The project began asking the question of what material systems and forms could suggest ”sustainable”, "easy care" and ”washable” fully integrated textile-based communication interface that can replace the current rigid, restrictive and toxic approaches causing a new type of waste, namely e-waste. We explored different “graphene” assemblies in wearable communication and investigated on/off body antenna measurements, and designed the textile interface by embracing a human-centred design approach.
The project followed this methodology to fabricate soft communicating interface:
1. Macroscopic assembly of graphene-based fibres: Continuous wet-spinning assembly approach to continuously spin flexible graphene oxide (GO) fibres were performed and optimised based on the elasticity and strength of the yarns by tuning coagulation bath composition and annealing. The bench-top automated wet spinning system was designed to spin graphene fibres continuously.
2. Macroscopic assembly of chemical vapour deposition (CVD) grown multi-layer (ML) graphene sheets on textiles: We introduced CVD grown ML graphene sheets on a cellulosic textile substrate to fabricate wearable antennas for body-centric wireless communication, and worked on the compatibility of the surfaces to ensure wearers’ comfort and weight penalty of radiating elements.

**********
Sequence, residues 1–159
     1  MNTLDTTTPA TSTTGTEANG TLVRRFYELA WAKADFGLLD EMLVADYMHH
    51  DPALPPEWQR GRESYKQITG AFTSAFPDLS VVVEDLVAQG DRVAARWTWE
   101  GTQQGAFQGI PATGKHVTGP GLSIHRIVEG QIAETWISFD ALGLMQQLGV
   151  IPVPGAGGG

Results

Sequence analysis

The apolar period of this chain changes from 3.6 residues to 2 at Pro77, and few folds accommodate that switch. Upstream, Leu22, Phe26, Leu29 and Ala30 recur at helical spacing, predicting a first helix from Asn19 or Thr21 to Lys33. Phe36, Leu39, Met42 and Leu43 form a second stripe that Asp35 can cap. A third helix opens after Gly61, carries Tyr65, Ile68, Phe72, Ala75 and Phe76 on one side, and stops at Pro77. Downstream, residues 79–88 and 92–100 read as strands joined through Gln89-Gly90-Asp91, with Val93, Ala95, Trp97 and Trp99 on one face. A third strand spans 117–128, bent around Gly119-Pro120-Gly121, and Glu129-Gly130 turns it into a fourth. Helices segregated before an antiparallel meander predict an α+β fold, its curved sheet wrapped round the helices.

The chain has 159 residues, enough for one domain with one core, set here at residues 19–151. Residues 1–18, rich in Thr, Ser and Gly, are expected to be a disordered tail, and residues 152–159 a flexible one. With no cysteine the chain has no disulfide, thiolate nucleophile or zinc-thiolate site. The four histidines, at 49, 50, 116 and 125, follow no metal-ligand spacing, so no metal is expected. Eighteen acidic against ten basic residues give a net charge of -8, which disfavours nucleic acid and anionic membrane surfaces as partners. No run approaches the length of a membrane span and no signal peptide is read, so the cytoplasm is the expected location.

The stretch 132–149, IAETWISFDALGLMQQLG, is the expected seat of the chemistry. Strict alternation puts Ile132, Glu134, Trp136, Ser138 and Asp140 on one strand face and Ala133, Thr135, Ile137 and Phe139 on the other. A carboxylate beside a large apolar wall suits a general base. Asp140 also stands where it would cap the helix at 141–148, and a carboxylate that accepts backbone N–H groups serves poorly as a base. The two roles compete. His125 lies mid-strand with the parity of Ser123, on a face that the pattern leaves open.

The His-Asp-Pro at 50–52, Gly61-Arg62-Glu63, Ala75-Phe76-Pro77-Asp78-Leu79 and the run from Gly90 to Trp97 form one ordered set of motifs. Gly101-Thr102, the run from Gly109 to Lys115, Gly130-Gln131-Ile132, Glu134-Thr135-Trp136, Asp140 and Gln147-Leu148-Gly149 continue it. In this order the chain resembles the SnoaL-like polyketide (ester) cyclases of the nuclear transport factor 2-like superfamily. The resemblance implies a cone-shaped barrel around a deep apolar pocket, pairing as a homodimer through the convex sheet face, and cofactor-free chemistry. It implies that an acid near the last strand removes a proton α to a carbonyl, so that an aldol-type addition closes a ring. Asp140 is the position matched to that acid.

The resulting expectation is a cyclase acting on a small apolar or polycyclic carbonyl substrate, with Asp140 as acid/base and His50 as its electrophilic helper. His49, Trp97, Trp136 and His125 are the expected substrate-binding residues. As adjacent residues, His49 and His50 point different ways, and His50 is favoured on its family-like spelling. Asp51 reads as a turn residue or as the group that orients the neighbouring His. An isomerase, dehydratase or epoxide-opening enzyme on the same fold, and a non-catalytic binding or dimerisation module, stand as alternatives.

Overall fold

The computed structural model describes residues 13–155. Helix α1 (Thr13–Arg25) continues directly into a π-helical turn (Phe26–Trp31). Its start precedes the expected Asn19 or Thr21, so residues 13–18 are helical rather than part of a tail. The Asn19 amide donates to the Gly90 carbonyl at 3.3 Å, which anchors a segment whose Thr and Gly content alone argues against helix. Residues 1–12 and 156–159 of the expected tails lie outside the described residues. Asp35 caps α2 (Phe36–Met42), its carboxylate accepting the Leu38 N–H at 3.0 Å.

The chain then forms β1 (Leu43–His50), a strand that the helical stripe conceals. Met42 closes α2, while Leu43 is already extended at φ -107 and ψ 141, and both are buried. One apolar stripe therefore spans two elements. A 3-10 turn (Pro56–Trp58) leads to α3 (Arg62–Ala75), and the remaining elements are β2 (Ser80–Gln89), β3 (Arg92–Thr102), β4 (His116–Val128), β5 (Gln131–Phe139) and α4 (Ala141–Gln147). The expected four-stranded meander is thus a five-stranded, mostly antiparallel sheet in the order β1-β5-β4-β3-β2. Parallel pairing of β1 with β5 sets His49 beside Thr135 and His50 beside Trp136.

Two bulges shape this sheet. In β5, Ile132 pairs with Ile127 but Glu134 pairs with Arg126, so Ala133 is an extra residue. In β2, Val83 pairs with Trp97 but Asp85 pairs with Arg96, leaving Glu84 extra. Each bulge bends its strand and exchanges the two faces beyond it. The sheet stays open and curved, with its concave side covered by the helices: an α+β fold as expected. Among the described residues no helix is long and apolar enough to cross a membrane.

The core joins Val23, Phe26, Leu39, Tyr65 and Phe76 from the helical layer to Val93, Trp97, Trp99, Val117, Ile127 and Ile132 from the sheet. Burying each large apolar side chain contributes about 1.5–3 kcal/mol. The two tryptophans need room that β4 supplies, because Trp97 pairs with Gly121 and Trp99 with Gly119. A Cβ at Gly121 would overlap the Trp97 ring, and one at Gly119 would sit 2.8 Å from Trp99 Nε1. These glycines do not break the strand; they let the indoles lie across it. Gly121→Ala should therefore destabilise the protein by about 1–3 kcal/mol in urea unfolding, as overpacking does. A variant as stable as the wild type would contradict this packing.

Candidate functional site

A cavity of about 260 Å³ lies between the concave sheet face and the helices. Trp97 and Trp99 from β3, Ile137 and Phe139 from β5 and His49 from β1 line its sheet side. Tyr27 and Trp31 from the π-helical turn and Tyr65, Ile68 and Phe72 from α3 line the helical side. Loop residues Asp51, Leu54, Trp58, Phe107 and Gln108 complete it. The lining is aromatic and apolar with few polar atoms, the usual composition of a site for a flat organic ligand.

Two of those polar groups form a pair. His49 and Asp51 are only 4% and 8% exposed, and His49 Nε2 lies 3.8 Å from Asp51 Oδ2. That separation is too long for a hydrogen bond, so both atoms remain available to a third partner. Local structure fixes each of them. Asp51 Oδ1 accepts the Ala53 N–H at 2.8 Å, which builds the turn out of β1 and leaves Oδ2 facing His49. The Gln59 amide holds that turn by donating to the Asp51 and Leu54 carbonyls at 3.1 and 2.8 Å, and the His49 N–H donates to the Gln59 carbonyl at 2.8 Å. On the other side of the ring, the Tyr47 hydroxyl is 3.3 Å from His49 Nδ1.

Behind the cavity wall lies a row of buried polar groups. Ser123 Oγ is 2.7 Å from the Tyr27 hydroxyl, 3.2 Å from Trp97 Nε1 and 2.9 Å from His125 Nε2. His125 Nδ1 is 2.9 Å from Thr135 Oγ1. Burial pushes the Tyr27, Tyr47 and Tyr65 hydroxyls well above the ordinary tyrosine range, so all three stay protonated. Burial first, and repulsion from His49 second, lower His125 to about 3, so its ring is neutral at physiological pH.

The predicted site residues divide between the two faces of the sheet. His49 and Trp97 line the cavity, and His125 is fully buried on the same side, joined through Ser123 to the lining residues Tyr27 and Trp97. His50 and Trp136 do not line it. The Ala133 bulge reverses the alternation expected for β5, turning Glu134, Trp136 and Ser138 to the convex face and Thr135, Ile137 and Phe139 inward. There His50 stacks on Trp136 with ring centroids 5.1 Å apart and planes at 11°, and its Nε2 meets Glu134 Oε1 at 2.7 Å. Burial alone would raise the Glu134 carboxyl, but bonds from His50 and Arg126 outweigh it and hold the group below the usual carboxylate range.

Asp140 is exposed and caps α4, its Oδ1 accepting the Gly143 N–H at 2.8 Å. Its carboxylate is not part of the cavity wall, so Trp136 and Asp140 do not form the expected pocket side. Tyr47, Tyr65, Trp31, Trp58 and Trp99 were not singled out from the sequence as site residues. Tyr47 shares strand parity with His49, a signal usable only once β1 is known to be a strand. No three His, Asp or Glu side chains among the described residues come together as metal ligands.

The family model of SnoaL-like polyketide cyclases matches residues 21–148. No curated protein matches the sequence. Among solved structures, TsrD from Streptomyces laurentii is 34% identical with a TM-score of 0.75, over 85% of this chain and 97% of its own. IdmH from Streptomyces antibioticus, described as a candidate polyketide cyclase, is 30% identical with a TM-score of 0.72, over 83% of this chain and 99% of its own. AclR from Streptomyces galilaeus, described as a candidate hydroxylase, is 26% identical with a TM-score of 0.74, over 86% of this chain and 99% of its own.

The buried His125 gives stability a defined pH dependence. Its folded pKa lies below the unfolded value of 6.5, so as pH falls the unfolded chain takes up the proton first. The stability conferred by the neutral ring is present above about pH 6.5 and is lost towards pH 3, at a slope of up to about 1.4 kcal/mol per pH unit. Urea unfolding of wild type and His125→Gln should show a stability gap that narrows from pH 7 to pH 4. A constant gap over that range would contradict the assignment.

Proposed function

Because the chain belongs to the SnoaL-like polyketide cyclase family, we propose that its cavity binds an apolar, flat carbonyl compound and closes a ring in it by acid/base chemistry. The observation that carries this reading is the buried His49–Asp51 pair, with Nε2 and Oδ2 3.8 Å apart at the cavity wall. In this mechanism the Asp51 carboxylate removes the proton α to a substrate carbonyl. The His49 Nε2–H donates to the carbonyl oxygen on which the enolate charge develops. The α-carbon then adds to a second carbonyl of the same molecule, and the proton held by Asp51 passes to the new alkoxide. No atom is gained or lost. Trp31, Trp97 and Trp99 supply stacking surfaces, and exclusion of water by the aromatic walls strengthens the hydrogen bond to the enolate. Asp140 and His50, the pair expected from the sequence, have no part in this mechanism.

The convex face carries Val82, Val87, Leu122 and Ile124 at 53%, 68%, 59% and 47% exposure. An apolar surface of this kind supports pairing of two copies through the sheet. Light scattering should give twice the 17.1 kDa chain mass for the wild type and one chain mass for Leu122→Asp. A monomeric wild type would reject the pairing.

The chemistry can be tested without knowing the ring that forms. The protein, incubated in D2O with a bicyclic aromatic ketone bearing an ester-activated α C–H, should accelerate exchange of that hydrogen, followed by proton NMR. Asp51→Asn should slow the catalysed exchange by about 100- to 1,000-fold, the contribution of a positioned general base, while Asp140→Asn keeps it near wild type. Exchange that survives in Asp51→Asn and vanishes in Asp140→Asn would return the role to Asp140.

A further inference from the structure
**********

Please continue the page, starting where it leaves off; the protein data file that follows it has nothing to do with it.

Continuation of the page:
3. Exploring off-the-shelves graphene-based and other metallic inks and threads
4. Graphene-based textile antenna fabrication: A series of different textile antennas were designed and reported based on the communication protocol and the textile making method used. Monopole graphene-based thread antennas were fabricated by tuning the twist count, the number of yarns in a bundle and the length of the device, that later can be integrated into the cloth by weaving in the weft direction. Different variations in planar inverted cone antennas were proposed for CVD grown ML graphene-based textile antennas, and a new integration technique was proposed that promotes high durability and washability in wearable antenna systems.
5. Antenna Characterisation and Simulations of Graphene-Based Textile Antennas: Both fibre-based and textile-based antennas were studied experimentally and numerically based on on/off body performance.
6. Identifying technology and tactile preferences of elderly people mainly affected by Alzheimer’s disease and dementia
7. Tuning the design of wireless-communicating graphene-based textile antenna systems